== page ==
“Look at that, a £100,000 in the pocket of the filth that sells it. A big yellow death bullet in the head of some poor user – or custard gannet as the dealers call them.” – Sir David Amess MP, Chair of the Psychoactive Substances Bill Committee*
Wave goodbye to incense and scented candles, a new bill banning “psychoactive substances” currently inching its way through Parliament could soon make it illegal to produce, supply or trade any substance that, quote, “affects [a] person’s mental functioning or emotional state.”
Sponsored by Theresa May and Lord Bates, the poorly-worded bill comes in response to public upset following a string of deaths linked to so-called “legal highs.”
The National Health Service (NHS) describes legal highs as “substances that have similar effects to illegal drugs like cocaine or cannabis.”
Previous attempts to ban the sale of legal highs have proven ineffective, partly because of “loopholes” in the law that allow for the creation of new legal compounds by making small structural changes to an illegal chemical.
The Psychoactive Substances Bill sidesteps this problem by placing a blanket ban on any substance which:
(a) is capable of producing a psychoactive effect in a person who consumes it, and
(b) is not an exempted substance (see section 3).
The scope of the bill could hardly be broader, prohibiting any substance not included on an approved list of exemptions. If passed, it would become a criminal offence to spray perfume or hang an air freshener.
In a letter to the Home Secretary in August, the Advisory Council on the Misuse of Drugs (ACMD) took issue with the government’s broad definition of “psychoactivity,” which fails to differentiate legal highs from items like nutmeg, incense or flowers, all of which are substances with a psychoactive effect.
• The scope of this definition is unnecessarily broad, with the potential for unintended consequences.
• An impossible list of exemptions will be needed. No matter how carefully a list of ‘exemptions’ is drawn, the possibility that relatively harmless substances may be included is ever present.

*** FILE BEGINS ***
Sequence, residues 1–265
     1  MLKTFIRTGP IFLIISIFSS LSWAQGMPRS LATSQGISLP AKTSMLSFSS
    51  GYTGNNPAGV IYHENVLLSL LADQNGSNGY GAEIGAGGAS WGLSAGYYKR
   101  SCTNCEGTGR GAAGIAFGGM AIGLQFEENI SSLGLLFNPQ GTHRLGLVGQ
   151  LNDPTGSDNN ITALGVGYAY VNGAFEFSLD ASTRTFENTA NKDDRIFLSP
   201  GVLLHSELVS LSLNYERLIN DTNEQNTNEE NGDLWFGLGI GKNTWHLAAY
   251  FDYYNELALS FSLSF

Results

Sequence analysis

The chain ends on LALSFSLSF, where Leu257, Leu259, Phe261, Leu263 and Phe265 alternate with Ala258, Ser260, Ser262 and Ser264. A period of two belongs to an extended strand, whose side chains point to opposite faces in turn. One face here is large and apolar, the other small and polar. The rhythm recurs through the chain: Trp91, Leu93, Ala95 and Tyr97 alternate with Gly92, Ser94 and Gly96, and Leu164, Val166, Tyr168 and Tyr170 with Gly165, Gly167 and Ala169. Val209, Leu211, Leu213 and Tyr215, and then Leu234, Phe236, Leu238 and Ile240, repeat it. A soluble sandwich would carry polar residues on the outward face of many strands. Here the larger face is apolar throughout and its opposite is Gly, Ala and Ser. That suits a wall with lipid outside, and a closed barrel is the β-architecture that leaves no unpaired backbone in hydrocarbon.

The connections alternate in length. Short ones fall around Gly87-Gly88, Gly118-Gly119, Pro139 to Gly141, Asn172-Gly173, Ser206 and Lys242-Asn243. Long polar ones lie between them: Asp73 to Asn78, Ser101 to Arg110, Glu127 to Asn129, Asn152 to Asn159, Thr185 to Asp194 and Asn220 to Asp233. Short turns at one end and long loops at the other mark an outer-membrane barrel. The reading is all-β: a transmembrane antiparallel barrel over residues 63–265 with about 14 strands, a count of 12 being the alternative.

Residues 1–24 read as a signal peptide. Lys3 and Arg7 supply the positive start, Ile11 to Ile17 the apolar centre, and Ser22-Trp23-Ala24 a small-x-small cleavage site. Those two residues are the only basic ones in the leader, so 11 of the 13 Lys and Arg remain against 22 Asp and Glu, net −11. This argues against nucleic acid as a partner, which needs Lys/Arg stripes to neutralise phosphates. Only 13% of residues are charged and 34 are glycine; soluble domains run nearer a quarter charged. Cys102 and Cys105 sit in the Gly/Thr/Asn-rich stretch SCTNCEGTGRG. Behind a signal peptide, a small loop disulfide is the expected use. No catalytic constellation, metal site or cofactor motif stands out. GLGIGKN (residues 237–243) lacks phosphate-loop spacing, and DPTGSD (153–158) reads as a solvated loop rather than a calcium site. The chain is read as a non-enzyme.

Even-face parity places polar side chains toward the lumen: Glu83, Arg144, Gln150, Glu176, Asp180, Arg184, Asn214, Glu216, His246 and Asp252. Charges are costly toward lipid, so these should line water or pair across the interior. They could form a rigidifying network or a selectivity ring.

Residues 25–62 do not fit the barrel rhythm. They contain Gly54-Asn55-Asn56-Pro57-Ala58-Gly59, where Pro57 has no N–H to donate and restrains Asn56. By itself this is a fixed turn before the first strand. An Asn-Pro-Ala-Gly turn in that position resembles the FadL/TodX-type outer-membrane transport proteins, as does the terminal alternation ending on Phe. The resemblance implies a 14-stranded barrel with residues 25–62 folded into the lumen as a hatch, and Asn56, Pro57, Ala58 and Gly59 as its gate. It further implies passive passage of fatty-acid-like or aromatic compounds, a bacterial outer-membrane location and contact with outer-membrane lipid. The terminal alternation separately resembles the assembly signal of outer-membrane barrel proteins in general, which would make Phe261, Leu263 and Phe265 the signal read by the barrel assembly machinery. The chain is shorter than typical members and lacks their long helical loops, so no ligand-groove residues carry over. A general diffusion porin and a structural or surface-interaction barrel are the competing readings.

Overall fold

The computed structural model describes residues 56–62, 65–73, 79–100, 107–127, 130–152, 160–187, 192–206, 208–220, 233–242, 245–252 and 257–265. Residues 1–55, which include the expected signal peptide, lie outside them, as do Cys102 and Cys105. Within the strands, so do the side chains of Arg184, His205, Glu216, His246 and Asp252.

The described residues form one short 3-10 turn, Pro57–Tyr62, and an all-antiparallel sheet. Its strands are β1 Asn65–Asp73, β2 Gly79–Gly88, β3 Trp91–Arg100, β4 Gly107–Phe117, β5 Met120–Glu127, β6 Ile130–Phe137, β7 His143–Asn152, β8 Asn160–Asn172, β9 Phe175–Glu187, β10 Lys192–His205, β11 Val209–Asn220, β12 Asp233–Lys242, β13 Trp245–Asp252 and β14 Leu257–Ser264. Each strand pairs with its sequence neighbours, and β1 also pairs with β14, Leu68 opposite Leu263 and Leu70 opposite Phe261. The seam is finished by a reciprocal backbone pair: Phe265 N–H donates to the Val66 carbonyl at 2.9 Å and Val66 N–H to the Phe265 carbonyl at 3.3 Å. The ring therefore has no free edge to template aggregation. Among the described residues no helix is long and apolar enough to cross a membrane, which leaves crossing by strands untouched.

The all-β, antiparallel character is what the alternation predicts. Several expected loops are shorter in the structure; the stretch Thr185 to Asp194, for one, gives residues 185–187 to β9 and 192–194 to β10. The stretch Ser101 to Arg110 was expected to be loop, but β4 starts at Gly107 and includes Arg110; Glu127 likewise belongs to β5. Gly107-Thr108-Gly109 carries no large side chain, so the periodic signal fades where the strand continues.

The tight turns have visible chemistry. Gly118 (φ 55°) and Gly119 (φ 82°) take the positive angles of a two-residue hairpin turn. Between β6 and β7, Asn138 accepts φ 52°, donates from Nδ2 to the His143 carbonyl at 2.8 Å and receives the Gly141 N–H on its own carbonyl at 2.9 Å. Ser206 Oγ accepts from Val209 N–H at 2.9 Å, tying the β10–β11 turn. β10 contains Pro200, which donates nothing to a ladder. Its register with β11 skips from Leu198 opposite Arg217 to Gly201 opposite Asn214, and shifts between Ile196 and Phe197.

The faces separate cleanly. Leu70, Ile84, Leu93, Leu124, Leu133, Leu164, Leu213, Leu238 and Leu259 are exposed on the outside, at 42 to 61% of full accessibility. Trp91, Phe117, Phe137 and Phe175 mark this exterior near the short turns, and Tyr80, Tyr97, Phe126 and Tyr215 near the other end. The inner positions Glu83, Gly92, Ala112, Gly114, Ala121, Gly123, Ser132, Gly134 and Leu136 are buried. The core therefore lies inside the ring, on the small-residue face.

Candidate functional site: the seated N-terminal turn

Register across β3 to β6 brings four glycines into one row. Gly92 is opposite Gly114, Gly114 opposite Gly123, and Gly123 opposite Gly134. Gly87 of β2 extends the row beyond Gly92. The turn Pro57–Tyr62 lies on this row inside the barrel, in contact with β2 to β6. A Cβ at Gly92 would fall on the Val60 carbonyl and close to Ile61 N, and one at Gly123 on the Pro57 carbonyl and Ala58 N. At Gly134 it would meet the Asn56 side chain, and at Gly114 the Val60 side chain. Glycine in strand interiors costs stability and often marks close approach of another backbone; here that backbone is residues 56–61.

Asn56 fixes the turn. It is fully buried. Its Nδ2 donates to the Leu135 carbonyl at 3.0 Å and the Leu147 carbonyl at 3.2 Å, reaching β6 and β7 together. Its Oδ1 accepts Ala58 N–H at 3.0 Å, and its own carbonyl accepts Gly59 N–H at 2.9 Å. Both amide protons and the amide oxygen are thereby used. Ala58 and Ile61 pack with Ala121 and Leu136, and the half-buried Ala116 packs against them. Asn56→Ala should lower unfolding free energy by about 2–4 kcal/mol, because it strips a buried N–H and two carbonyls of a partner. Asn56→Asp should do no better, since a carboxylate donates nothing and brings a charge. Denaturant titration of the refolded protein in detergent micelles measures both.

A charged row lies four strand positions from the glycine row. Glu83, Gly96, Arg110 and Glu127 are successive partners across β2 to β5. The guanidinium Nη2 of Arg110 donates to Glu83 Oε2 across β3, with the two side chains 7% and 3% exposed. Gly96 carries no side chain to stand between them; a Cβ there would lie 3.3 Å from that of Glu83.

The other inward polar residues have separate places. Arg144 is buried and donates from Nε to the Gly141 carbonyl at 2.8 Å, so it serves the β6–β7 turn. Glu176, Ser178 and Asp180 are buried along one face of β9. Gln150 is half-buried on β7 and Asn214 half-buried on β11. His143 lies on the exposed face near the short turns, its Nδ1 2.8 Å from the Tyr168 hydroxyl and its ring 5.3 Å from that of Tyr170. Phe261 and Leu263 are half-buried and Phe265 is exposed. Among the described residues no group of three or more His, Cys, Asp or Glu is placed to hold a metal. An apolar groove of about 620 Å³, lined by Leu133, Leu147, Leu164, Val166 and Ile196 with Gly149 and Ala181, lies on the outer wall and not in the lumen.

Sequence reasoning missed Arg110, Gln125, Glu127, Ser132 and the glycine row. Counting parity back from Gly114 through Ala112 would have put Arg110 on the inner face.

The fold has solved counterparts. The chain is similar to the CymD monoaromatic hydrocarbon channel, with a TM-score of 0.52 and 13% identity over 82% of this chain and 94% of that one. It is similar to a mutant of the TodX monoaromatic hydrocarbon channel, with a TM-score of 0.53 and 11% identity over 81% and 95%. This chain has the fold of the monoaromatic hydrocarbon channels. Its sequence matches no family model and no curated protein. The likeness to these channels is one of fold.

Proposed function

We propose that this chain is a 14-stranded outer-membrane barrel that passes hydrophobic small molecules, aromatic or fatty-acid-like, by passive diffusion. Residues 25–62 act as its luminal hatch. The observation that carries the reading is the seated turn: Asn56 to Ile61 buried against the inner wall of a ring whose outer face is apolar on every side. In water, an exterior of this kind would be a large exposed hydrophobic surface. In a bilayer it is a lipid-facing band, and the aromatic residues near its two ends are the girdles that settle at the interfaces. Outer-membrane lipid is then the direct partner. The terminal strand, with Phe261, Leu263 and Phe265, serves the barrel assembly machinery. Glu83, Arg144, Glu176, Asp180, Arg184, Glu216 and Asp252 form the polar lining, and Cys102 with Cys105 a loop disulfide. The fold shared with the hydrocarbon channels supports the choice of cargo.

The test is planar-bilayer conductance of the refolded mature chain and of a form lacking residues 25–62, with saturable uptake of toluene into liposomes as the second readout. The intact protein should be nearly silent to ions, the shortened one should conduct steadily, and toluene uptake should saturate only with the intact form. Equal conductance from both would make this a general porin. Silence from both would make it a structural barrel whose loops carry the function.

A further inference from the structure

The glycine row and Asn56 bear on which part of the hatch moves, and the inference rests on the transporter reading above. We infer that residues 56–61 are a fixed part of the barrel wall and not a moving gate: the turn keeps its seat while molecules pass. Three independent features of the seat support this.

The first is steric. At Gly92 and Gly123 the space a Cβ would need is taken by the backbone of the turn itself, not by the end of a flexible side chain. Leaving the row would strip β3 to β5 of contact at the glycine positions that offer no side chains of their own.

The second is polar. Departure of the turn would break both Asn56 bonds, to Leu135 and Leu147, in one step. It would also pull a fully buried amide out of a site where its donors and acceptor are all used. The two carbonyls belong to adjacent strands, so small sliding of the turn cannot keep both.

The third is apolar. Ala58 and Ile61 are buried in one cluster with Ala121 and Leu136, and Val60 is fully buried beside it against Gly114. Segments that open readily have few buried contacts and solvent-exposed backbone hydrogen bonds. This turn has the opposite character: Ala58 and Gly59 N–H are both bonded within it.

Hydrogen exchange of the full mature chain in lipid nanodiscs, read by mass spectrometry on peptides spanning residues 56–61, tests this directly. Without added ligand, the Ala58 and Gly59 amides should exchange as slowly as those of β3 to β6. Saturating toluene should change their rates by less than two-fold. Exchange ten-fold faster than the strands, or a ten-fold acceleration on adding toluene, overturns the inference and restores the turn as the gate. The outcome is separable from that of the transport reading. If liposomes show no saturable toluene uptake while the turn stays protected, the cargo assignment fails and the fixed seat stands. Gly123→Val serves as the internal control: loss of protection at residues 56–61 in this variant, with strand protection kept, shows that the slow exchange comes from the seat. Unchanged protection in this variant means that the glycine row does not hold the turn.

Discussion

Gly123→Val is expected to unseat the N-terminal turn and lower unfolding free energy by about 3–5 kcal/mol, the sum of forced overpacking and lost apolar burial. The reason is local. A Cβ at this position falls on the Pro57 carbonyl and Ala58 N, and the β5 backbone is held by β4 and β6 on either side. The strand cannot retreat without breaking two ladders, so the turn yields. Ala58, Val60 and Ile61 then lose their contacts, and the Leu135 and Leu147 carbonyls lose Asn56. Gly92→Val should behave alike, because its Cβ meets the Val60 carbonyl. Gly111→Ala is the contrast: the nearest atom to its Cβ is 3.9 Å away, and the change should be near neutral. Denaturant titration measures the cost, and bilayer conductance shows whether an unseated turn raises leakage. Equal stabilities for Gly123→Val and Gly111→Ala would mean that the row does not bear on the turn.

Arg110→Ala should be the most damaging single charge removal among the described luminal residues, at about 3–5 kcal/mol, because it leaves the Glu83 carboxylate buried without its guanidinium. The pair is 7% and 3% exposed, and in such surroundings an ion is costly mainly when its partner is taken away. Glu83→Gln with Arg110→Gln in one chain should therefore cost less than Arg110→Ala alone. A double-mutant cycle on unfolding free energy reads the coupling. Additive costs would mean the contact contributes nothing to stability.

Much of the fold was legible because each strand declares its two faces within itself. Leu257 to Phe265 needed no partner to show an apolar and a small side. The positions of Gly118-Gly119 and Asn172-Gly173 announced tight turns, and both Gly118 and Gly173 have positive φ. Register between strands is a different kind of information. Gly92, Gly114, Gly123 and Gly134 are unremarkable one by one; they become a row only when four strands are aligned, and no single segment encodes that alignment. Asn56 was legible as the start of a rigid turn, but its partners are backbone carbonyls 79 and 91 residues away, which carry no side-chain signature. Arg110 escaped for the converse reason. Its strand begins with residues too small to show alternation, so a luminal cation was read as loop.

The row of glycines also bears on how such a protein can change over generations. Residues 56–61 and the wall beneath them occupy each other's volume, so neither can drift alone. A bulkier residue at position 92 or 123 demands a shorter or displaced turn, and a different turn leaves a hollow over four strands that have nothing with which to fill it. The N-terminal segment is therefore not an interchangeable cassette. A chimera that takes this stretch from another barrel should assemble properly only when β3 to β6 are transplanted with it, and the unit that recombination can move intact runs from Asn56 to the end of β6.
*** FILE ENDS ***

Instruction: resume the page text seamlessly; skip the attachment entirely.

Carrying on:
• A disproportionate weight to the importance of psychoactive ‘natural’ or ‘herbal’ materials is given in this definition. These materials are relatively few in number by comparison with the hundreds of NPS entering Europe and the UK.
• Psychoactivity cannot be definitively proven.
The government’s slippery grasp of the issue was made apparent during a recent debate in the House of Commons, where ministers were unable to agree on a working definition.
The Right Honourable Norman Lamb provided the voice of sanity:
“Is it not extraordinary that at this point of our consideration of a Bill there is such concern about the possible implications of a definition? The view of many is that it is impossible to provide a scientifically or legally meaningful definition of a psychoactive substance. The definition is very broad. At least in principle, it could cover thousands of plants, spices, herbal remedies and over-the-counter medicines.”
With rational inquiry all but extinguished, the Psychoactive Substances Bill has been allowed to pass through Parliament unchecked. If nothing else, it provides a winning strategy for the war on drugs: ban everything.
*David Amess made this statement on the “Drugs” episode of the spoof current affairs television programme Brass Eye, in which he was fooled into filming an elaborate warning against the dangers of fictional Eastern European drug “cake.”
He was appointed chair of the Psychoactive Substances Bill Committee in October.